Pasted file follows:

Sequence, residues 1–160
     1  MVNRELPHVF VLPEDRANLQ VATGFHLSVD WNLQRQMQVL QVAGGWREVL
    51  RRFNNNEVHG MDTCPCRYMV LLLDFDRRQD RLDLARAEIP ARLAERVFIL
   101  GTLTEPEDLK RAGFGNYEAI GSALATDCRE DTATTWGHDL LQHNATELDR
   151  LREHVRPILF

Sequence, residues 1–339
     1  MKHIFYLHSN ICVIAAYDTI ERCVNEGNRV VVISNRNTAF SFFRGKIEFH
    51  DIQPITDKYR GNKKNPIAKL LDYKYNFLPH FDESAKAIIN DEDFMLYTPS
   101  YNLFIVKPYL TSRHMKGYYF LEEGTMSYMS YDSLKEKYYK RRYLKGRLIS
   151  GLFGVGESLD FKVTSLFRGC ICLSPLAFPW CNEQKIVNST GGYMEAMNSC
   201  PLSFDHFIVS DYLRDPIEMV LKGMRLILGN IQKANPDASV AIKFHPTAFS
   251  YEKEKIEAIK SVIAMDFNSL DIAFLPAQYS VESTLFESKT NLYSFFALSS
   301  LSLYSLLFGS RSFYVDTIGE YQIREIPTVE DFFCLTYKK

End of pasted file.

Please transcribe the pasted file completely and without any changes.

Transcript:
Sequence, residues 1–160
     1  MVNRELPHVF VLPEDRANLQ VATGFHLSVD WNLQRQMQVL QVAGGWREVL
    51  RRFNNNEVHG MDTCPCRYMV LLLDFDRRQD RLDLARAEIP ARLAERVFIL
   101  GTLTEPEDLK RAGFGNYEAI GSALATDCRE DTATTWGHDL LQHNATELDR
   151  LREHVRPILF

Sequence, residues 1–339
     1  MKHIFYLHSN ICVIAAYDTI ERCVNEGNRV VVISNRNTAF SFFRGKIEFH
    51  DIQPITDKYR GNKKNPIAKL LDYKYNFLPH FDESAKAIIN DEDFMLYTPS
   101  YNLFIVKPYL TSRHMKGYYF LEEGTMSYMS YDSLKEKYYK RRYLKGRLIS
   151  GLFGVGESLD FKVTSLFRGC ICLSPLAFPW CNEQKIVNST GGYMEAMNSC
   201  PLSFDHFIVS DYLRDPIEMV LKGMRLILGN IQKANPDASV AIKFHPTAFS
   251  YEKEKIEAIK SVIAMDFNSL DIAFLPAQYS VESTLFESKT NLYSFFALSS
   301  LSLYSLLFGS RSFYVDTIGE YQIREIPTVE DFFCLTYKK